There are literally a thousand toys to choose from this year but how many will really get your kids active?
“You know your child best, what they like, what they don't like,” says Sean Stark, an exercise physiologist at Unity Hospital. Stark put the basic ball at the top of the holiday shopping list for children this year.
“It works on their motor skills from an early age, when you're talking from early infancy. This is the base for your basketball, your soccer ball, your football, throwing activities,” says Stark.
The next item on the list was the bicycle. While this is clearly an active toy, our experts say your child will let you know when he or she is ready to ride their first bike.
“Children tend to be top-heavy and you have to make sure that their safety is of the utmost importance so you want to have the safety gear upfront,” says Stark.
Since it's winter, the sled also made the list for active holiday toys.
“In terms of activity, what goes down must come up...I do appreciate sleds, going out to those hills,” says Stark.
“I think the older toys still have a place because a lot of them, like the regular Twister, it's something that's interactive, it gets the kids up, it gets the kids moving, they can play with friends,” says Suzanne Zeman, a registered nurse and exercise physiologist at Unity Hospital.
“Twister” now includes a play-along DVD component for indoor activity. However, the popular “Dance, Dance Revolution” also made the list for best activity toys to buy this holiday season.
“You're up on your feet, your dancing around, you know, some of them have different dance moves, different songs,” says Zeman.
Among video games, the Nintendo Wii also made the list for its active control panels which allow kids to move with the game. However, our experts did have a few words of caution with the Wii.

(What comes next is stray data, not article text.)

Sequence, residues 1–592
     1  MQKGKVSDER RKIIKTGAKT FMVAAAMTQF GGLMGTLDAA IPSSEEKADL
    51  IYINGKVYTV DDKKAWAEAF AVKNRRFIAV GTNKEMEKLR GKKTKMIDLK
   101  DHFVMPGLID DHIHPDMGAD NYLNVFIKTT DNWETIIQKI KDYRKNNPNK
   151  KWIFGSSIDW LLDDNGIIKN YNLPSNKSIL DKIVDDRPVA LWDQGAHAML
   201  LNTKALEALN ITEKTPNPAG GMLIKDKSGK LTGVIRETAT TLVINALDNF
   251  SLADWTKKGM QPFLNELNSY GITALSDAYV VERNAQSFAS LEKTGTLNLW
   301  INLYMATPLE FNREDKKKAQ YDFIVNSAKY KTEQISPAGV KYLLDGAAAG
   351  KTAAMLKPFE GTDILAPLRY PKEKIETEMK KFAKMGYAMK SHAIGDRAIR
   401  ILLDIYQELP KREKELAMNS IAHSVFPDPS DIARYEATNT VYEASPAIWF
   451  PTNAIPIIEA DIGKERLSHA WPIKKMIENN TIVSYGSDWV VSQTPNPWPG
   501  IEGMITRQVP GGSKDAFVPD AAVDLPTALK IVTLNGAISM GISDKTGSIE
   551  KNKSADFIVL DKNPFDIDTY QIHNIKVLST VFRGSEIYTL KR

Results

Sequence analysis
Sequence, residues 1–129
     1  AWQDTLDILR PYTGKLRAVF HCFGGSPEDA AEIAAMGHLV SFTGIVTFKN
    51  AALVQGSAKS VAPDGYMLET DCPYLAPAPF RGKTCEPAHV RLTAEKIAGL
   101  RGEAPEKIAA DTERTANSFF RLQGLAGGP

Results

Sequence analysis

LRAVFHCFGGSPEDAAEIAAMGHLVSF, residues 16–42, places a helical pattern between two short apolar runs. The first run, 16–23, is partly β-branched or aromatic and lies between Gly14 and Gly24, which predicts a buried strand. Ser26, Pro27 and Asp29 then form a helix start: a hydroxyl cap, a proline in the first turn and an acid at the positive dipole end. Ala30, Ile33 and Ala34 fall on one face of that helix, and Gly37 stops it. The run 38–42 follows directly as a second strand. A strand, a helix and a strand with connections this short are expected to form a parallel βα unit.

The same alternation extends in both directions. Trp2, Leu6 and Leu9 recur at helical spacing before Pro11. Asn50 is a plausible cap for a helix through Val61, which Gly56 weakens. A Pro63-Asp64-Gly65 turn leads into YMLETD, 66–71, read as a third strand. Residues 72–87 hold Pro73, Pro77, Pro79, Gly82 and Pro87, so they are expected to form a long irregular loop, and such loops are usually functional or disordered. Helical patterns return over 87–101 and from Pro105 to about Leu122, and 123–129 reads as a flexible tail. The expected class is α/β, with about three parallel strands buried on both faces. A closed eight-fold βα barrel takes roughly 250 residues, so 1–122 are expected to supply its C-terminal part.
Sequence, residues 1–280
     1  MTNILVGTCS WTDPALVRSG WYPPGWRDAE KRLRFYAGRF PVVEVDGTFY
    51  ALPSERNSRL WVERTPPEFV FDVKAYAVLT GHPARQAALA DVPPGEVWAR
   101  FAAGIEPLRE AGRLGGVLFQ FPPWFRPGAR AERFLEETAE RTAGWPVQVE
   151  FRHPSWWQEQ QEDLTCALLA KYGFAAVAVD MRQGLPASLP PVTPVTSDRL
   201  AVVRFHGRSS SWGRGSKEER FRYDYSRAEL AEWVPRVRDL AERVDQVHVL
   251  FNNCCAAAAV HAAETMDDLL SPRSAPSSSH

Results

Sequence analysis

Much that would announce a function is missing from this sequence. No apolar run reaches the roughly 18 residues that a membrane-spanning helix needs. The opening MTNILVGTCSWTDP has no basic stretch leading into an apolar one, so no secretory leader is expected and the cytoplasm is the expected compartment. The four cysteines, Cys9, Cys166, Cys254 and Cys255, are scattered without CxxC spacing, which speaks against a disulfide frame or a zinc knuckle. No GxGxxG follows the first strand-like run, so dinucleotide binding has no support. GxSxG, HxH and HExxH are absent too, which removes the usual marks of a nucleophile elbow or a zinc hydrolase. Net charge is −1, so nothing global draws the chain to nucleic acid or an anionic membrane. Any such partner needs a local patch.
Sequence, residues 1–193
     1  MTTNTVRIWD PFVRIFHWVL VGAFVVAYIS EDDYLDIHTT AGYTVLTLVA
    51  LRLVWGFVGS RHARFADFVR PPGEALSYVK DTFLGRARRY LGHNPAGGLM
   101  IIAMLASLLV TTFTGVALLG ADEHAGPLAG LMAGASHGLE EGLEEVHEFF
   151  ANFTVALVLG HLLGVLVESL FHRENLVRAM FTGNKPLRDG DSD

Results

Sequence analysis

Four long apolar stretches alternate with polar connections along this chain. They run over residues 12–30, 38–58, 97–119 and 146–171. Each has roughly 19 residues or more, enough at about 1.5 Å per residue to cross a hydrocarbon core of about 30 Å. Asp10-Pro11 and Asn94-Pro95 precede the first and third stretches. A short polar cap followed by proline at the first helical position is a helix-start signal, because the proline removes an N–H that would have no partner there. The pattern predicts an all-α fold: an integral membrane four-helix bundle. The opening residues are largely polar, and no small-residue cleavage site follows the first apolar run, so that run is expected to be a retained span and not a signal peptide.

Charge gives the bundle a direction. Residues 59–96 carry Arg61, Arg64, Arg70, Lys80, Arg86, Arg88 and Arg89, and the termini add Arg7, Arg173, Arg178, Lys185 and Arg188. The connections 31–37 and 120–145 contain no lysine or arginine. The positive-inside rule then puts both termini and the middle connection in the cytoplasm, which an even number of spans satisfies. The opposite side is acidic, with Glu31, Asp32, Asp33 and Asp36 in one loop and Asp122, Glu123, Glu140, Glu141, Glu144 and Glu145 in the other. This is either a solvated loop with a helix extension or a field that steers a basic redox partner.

“What I think you as a parent need to keep in mind is one, how much time your child is spending playing these games,” says Zeman who cautions that not all Wii games are active and parents should supervise the amount their children spend in front of the television.
Here’s a complete listing of toys recommended by our experts and from the Greater Rochester Health Foundation:
- Ball: $3 to $75
- Sled: $5 to $25
- Bike: $50 to $300
- Crawl tunnels: $15 to $30 These are for infants just as they are getting into the stage of crawling. A good activity for baby and for parent engagement.
- Video Game Bikes: $90 approximately These cycles are the latest to hit the market. Fisher-Price has released the “Smart Cycle” for 3 to 6 year olds. By pedaling and steering a stationary bicycle, children can control a variety of active video games as well as become physically engaged.
- Twister and Dance, Dance Revolution: $30
- Nintendo Wii: $250 (prices vary)
- Eye Toy Games: $40-100 Eye toy is a small, USB camera that sits atop the television, capturing the motion of the player, allowing he or she to become part of the motion on the screen.
- Gift certificates for sports, outdoor activities or local spots of interest such as the Seneca Park Zoo and the Strong National Museum of Play.
- Sports equipment of any kind. Make sure your child is interested in the sport because a gift of equipment can help further generate or inspire their interest in the activity.
Helpful guidelines for purchasing Toys:
- Make sure the toy is age appropriate
- Consider your child’s interests before buying
- Read all warning labels
- Choose a toy which encourages family activity time
- If you have concerns about recalls, visit: www.toyinfo.org